I was never concerned with all of the side effects of the aging process but bad weather facing america on a regular bases from Hurricanes to fllods has made me rethink some of the decisions I now face.
I have written many columns about the need to eat healthy foods, exercise, stay mentally alert and be thoughtful of others. These are all good things, but what happens when we can no longer maintain the fitness levels to which we aspire, what then should we do about life changes over which we have no control? At this point we may consider downsizing our material possessions through early gifts to family members and utilizing companies like Organized Creative Solutions to assist in the downsizing process.
Many of us are collectors. Some of the items we have acquired over the years are irreplaceable, while others may be meaningful to us but not necessarily to our family. Years ago I was at a party where I discussed these thoughts with a man who was later to be in charge of Naval Reactors, our country’s nuclear power program. He and his wife had decided to downsize. He admitted that, while painful at times, it was one of the wisest things they had done. After Matthew, I can more easily see the relief they felt in de-cluttering their life.
Moving plants, patio furniture, wall hangings and other outside items into the house at 80+ years of age is no easy task. Putting up Lexan shutters is almost impossible, not to mention all the other stuff we must secure to prevent flying missiles. The storm surge was a major factor in Matthew. Some items could be moved to higher levels but this takes time and a lot of work, to say nothing about putting it all back. Although the damage was minimal, Matthew should encourage us all to rethink our plan for passing along valuables to our family.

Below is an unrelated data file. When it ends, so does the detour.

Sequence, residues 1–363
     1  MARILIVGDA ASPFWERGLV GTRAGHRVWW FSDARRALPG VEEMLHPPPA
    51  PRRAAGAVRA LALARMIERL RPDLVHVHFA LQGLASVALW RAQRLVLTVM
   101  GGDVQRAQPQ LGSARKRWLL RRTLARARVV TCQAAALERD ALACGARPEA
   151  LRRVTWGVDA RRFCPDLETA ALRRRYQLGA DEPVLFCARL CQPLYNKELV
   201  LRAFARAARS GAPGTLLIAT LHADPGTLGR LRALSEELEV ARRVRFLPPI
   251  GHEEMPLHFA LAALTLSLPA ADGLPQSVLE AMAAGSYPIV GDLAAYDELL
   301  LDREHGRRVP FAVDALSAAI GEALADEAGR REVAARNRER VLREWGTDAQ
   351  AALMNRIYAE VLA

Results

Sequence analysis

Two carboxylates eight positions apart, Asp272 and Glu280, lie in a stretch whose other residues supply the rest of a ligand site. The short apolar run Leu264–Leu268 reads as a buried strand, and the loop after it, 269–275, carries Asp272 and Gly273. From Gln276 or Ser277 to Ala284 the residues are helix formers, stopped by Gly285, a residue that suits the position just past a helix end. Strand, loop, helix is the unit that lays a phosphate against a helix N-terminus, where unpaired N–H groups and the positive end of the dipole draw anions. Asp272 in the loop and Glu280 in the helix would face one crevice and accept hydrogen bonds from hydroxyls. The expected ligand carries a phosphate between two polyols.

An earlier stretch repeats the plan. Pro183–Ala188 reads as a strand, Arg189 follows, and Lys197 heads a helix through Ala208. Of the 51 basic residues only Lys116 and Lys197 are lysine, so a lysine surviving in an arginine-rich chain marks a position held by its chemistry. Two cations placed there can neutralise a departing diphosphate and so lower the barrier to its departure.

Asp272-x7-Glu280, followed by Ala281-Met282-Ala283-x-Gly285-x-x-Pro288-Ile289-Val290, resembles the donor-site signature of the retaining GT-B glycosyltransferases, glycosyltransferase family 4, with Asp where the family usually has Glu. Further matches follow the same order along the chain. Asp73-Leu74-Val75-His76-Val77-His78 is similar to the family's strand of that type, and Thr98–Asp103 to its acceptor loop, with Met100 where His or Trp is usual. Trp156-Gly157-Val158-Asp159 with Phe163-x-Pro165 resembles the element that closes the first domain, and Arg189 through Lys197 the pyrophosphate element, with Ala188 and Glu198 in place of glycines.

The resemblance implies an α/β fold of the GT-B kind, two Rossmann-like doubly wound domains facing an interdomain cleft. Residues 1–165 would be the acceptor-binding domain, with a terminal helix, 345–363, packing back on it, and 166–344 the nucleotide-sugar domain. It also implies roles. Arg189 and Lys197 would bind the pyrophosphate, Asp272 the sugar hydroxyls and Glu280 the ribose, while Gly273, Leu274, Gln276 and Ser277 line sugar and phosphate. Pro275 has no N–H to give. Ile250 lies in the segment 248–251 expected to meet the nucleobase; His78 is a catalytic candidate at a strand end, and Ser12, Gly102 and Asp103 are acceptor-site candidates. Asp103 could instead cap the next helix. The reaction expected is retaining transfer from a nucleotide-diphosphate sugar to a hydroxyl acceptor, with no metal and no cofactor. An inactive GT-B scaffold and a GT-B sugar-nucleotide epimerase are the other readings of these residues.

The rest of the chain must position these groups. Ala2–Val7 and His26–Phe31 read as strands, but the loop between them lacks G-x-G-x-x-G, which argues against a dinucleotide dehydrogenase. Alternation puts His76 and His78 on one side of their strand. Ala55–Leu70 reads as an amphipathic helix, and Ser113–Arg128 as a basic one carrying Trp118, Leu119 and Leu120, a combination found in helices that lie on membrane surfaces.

That said, we have started the task of gathering family pictures and other items to give to the younger generation. It is always possible that we are mistaken about what they actually want. Thoughts on what is treasure and what is clutter change from family to family and generation to generation. For seniors to maintain a large home full of what we perceive to be of worth to our children can cause unnecessary expense and stress, requiring us to stay somewhere that is difficult to maintain both physically and financially.
Building a downsizing plan is similar to building an estate plan, a financial plan and a host of other plans. But the truth is we often don’t want to think about downsizing, for it signals other life changes we do not want to address such as living wills and burial plans. The truth is that we are all mortal and, as such, cannot take our possessions with us to the next life. I strongly believe that what we can take with us are the good things we do as we live our lives on this earth. We have takers and givers; you might want to think about being a giver and lighten your load and stress.
Joe Steckler is the President of Helping Seniors of Brevard, a non profit organization designed to advocate, educate, and fundraise on behalf of Brevard’s senior citizens. Feel free to contact us at: i